Homepage Rankings and Research Companies Channelcast Marketing Matters CRNtv Events Acronis #CyberFit Summit 2021 Avaya Newsroom Experiences That Matter Cisco Partner Summit Digital 2020 Intel Partner Connect 2021

Google Contemplates Historic Auction Bid

As Google preps its Android mobile operating system for 2008 delivery on cell phones, the company is reportedly still considering to bid alone on airwave bandwidth in the 700-megahertz spectrum.

Google operating system bandwidth

The bandwidth is slated to begin auction on January 24, 2008, by the federal government.

Google could bid by itself, pitting itself against wireless carriers such as ATandT, Verizon and VodaFone, or look to join one or more of those companies.

Google executives discussed the auction last week with Federal Communications Commission officials, including FCC Chairman Kevin Martin, according to a Reuters report.

Earlier this year, Google tried unsuccessfully to have the FCC alter its strategy to 700-MHz bandwitch auction to its own benefit, which reportedly ruffled feathers of existing carriers.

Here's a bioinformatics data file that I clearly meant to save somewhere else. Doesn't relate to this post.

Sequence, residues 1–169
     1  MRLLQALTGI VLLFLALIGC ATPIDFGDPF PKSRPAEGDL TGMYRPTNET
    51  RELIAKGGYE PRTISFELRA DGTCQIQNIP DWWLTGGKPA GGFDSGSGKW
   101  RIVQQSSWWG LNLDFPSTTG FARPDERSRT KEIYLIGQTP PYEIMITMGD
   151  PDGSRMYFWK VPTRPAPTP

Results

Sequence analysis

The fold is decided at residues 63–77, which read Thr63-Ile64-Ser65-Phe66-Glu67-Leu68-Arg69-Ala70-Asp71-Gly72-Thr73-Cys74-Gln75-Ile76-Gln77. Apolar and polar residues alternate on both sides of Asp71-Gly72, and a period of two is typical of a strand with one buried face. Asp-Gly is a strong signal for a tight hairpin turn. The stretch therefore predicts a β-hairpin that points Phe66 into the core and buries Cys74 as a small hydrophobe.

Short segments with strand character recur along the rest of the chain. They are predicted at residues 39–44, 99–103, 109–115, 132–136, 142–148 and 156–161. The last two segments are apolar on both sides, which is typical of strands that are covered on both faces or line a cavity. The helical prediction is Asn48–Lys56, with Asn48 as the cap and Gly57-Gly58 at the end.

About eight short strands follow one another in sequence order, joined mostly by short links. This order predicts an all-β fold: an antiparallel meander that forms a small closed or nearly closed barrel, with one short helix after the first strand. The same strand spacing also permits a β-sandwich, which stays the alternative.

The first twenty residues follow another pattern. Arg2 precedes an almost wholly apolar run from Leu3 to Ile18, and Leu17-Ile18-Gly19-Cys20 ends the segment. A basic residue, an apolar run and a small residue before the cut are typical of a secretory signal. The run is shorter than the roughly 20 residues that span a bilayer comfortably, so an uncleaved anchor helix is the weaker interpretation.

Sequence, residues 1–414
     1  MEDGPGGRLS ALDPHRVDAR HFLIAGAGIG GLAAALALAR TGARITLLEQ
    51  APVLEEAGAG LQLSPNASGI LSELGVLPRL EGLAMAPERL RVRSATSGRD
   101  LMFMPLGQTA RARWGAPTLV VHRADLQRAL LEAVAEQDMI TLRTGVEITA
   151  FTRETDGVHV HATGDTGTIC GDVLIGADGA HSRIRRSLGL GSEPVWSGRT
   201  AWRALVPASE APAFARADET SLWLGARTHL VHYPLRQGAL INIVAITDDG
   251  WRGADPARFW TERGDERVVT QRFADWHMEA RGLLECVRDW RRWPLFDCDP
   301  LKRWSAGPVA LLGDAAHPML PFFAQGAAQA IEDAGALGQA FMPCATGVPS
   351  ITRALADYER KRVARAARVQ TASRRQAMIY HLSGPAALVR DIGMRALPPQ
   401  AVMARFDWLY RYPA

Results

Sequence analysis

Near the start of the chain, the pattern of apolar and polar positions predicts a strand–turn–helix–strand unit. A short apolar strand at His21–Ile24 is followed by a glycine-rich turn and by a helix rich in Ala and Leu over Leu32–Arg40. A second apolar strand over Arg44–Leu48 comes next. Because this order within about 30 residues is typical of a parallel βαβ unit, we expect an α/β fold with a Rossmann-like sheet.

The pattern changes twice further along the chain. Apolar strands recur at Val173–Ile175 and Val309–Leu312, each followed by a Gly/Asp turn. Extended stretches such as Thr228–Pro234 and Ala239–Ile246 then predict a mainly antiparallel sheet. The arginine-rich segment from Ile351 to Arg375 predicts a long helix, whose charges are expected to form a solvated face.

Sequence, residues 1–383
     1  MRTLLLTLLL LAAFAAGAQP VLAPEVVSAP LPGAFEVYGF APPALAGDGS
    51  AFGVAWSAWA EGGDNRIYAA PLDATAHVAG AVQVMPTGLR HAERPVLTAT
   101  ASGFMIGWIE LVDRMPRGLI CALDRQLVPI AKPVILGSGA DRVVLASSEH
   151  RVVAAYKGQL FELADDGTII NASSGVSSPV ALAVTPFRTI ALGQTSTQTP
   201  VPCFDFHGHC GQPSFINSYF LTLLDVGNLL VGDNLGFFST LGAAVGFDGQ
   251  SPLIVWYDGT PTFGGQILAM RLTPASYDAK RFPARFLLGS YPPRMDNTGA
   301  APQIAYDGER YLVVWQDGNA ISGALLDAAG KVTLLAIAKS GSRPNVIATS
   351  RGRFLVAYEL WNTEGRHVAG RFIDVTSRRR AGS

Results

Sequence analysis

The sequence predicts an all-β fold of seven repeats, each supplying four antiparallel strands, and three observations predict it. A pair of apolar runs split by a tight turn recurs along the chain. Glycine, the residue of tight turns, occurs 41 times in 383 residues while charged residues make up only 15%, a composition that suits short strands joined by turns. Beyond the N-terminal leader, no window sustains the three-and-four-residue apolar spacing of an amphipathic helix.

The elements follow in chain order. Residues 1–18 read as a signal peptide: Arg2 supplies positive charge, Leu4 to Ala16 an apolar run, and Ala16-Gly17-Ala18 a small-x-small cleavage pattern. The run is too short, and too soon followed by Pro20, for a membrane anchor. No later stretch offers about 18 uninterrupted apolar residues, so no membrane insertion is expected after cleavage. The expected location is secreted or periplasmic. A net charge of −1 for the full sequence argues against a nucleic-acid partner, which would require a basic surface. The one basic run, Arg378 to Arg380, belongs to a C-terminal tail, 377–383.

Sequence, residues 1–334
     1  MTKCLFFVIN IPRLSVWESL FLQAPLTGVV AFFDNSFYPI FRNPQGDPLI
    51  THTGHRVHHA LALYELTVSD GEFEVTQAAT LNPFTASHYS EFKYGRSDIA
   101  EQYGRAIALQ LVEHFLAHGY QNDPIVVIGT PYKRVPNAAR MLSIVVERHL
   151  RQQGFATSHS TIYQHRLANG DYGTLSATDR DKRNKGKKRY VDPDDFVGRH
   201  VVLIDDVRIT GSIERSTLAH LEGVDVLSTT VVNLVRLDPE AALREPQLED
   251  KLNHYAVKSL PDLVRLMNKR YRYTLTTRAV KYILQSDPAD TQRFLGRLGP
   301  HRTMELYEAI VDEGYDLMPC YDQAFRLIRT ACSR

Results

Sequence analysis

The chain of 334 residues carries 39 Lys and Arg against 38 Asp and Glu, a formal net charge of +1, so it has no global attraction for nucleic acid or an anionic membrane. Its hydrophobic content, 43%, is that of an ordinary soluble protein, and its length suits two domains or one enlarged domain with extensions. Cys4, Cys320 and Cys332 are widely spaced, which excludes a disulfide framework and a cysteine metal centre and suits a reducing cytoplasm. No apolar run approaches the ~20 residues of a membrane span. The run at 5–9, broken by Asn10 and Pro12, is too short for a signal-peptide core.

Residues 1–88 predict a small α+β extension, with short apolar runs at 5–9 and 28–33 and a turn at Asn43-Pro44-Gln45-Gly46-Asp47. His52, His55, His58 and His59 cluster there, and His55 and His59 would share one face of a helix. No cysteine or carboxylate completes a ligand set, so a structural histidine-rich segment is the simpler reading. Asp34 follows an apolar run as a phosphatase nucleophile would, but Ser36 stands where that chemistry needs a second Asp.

Google is reported to be ready to bid at least $4.6 billion if regulators agreed to policies to promote open use of such networks on the spectrum. With Google's backing, the FCC said a large portionof the spectrum will have to be open to networks to allow consumers to use any device on those frequencies. But the FCC did not require open access to be resold on a wholesale basis.

Despite its thought of bidding alone on the spectrum, Google also has shown a knack of fostering partnerships around its mobile strategy too. Earlier this month, it announced the creation of the Open Hand Set Alliance, a 33-member organization that includes Sprint Nextel, T-Mobile to help develop applications and technology around its open-source Android platform, for which phones are expected to hit the street in mid-2008.

Shares of Google were trading at $628.52 Monday morning, down $5.11 or less than 1 percent.

Back to Top



    trending stories

    sponsored resources